David Cameron has carried on with this unfortunate tradition and practice since becoming Prime Minister in 2010, and following his victory on May 7th has adopted a style that was described by Labour’s acting Leader Harriet Harman this week as “gloating”, telling him to “show a bit more class.”

I have to say that I have been surprised by Cameron’s tone at PMQs, as he takes every opportunity to patronise and tease Labour members in a way that may be fitting for a dormitory bully at a public school, but is hardly befitting of the country’s leader.

I hope that this new found sneering approach is a temporary aberration, born out of a victory that one senses he still can’t quite believe. Sooner rather than later his own backbenchers will be harrying him over the EU, immigration, the human rights act and who knows what else. Members from all sides of the house will only enjoy his discomfort just that little bit more if he continues to act with the pomposity that he is demonstrating right now.

He would do well to remember the phrase ‘be kind to people on your way up the ladder…

Get Ready for a Deluge of ‘Royal’ Visits

Sexy Politics

Lancashire will be a key area in deciding who will form the next government, with a number of marginal seats to be fought in the county at the polls in May.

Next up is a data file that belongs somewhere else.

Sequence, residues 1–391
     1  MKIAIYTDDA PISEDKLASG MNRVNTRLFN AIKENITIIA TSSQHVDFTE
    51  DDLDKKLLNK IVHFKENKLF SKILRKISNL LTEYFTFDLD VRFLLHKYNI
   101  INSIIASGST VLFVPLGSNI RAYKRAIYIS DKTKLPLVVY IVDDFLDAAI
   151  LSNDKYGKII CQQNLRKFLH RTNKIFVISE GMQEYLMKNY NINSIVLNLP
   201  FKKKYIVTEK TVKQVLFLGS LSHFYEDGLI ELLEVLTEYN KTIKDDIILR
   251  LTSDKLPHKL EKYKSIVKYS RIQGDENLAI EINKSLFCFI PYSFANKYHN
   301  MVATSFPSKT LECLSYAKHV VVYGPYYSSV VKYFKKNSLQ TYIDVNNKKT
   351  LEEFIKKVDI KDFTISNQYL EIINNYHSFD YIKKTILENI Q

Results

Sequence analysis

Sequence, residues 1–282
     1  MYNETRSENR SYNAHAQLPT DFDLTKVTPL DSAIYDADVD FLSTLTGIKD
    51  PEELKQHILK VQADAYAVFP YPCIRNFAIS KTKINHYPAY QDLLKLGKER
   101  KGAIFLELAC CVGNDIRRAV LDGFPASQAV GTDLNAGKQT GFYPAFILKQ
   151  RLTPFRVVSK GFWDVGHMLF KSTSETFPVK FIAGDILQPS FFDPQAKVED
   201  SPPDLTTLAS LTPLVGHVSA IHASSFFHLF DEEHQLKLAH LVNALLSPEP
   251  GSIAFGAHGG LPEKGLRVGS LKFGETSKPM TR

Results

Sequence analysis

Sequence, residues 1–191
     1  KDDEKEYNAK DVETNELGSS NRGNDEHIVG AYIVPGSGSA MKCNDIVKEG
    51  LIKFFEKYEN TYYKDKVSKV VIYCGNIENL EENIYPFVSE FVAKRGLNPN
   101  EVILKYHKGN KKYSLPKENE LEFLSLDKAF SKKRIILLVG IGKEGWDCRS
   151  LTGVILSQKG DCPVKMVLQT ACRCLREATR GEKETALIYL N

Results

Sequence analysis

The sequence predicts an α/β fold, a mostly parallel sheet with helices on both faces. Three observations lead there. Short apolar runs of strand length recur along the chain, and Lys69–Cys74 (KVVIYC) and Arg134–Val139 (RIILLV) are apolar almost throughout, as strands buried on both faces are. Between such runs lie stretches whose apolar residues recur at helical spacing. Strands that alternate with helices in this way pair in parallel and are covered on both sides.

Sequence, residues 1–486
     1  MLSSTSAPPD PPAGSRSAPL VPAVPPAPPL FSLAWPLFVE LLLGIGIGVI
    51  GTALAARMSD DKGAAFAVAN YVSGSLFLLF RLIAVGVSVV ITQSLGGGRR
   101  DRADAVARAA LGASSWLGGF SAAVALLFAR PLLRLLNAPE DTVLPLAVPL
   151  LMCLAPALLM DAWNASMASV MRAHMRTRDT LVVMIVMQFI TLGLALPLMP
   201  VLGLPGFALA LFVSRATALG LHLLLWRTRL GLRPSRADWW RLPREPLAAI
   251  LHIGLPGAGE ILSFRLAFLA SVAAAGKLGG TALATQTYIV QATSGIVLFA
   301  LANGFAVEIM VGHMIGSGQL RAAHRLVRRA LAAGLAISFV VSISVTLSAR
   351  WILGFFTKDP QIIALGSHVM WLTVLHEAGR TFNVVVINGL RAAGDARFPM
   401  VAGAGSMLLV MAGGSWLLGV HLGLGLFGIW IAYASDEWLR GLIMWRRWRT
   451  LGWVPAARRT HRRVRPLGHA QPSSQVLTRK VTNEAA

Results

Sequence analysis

At this moment in time all the polling evidence suggests that we are heading for another ‘hung’ parliament with none of the two ‘big’ parties pulling up any trees at the moment; the Tories obsessed once again with the issue of Europe, and Labour being led by a man that is clearly struggling to impose himself in the minds of the electorate as a potential Prime Minister.

For the Liberal Democrats the Coalition agreement has proved to be an unmitigated disaster, and for all their protestations about their input into policies surrounding the low paid, the green agenda and, indeed, the economy, the perception voters have of Nick Clegg & Co is of a party that sold its soul for a whiff of the red ministerial boxes. The tuition fees U-turn effectively killed them.